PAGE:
This rolling non-linear evolution of political risk is what will cause the market a headache until it adjusts. Time for the developed market world to take a look at how emerging markets do it. (Turkish Lira to US Dollar, anyone?)

Trump Day One

It’s actually not just Day One we need to consider. It’s Days Two and Three as well, given that he gets almost 72 hours to exercise his executive power before the markets get a chance to price all those changes. And yet, as we have seen, volatility measures are low; the belief in both long USD and short UST remains strong (despite the recent correction); and the recent Brexit fandango in GBP suggests political risk is still confined to the realms of “short term noise”.

This is all rather strange. The ratio of investor conviction to investor positioning looks out of whack; and, more worryingly, so does investor positioning to the extent of certainty ahead. You’re telling your buddy in the shoot-out that you’re not sure how many bullets are in your gun as he asks you to cover him…but he heads off into the hail of bullets anyway. IMG_4466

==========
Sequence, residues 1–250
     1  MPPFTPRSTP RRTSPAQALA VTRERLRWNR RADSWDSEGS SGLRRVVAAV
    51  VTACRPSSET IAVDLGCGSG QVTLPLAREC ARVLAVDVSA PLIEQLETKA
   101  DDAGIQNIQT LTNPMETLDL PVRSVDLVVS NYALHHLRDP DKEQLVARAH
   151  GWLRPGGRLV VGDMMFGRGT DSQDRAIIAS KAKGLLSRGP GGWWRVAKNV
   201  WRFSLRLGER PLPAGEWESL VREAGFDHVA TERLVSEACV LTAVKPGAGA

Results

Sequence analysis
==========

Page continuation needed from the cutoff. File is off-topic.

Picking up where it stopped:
The whole Trump is the new Reagan narrative is about to get blown up. He may indeed drive economic reflation but before that he’s got to strike a whole bunch of new trade deals; get a bunch of American companies to bring business back onshore; and get a bunch of his buddies into the Fed and the Supreme Court. Will there be time to call China a currency manipulator before his bedtime? Doesn’t matter really, because if he decides to on Day Four, he will go for it. (But the Treasury report on currency manipulation is semi annual you say? Ah but presidential power derives from their comments as much as their heavily-constrained actions).

Even if his first few days are not as frenetic as he had initially suggested, the fact is that the path of future outcomes for the economy is much wider than before. Concomitantly, the amount of risk placed into reflation trades may be too large for the uncertainty ahead.